Anyone who has been scanning the news sections of the world press over the past few months must have come across headlines proclaiming Peking's “revived birth control bid” and the “renewal of the birth control campaign in Communist China.” The implication, as suggested by most of the articles, is that since China has suffered a series of grave agricultural reverses she is finally coming to her senses and again instituting controls over fertility. Has there recently been a change in the régime's attitude with respect to the population problem, and are the present measures likely to produce significant results in the rate of growth of China's population?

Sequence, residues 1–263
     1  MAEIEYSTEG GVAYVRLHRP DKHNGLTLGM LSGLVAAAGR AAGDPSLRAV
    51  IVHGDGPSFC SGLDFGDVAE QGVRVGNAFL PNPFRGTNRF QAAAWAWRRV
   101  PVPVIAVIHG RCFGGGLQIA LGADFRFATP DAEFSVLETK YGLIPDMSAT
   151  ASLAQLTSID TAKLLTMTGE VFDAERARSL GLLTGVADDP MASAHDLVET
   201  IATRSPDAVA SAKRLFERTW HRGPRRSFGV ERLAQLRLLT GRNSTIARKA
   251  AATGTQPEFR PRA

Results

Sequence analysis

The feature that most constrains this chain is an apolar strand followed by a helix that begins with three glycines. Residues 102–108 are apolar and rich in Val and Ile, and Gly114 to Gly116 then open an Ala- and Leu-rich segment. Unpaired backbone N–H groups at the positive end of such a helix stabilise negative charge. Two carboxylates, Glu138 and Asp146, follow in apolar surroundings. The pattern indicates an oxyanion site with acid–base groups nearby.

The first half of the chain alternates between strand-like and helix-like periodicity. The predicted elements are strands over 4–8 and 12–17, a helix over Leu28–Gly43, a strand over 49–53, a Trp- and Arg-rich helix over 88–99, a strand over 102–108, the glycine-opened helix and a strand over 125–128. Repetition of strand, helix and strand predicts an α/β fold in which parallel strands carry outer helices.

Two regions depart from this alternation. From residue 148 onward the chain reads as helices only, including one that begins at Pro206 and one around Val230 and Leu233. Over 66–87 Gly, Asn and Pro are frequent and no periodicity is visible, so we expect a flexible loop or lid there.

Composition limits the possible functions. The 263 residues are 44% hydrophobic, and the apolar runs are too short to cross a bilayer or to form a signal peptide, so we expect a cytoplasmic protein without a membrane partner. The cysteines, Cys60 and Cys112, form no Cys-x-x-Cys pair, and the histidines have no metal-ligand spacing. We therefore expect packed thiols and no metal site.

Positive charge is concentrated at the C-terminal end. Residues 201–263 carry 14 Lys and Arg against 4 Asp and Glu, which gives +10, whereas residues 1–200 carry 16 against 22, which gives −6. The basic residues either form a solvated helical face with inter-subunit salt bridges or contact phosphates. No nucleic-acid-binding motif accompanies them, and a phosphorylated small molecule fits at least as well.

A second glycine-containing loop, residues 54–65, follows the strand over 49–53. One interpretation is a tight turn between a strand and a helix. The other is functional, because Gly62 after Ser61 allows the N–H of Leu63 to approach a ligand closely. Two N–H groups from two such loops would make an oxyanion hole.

Let us briefly review some of China's population policies over the past ten years. The initial jubilation over the results of the 1953 census, showing a population of almost 600 million on the Chinese mainland, was gradually modified to concern over the economic and social implications of both the size and the rate of growth of this population. The official propaganda, however, never admitted the economic problems inherent in a rapidly growing population, and the birth control campaign which started slowly in late 1954 and 1955 stressed the health and educational advantages of having a small family. After the campaign reached its peak in the middle of 1957 and the early part of 1958, it began to lose its impetus; and by the autumn of that year it became obvious that Communist China had reversed its recently introduced policy of birth control, at the same time introducing the communes and the “great leap forward.” The new policy proclaimed a severe labour shortage and attacked all proponents of controlled fertility as Malthusians and rightists. The labour shortage, proclaimed in 1958 as an excuse for the reversal of the birth control policy, became a reality in 1959, when the overzealous cadres created an artificial labour crisis by conscripting millions of men into a variety of mass projects.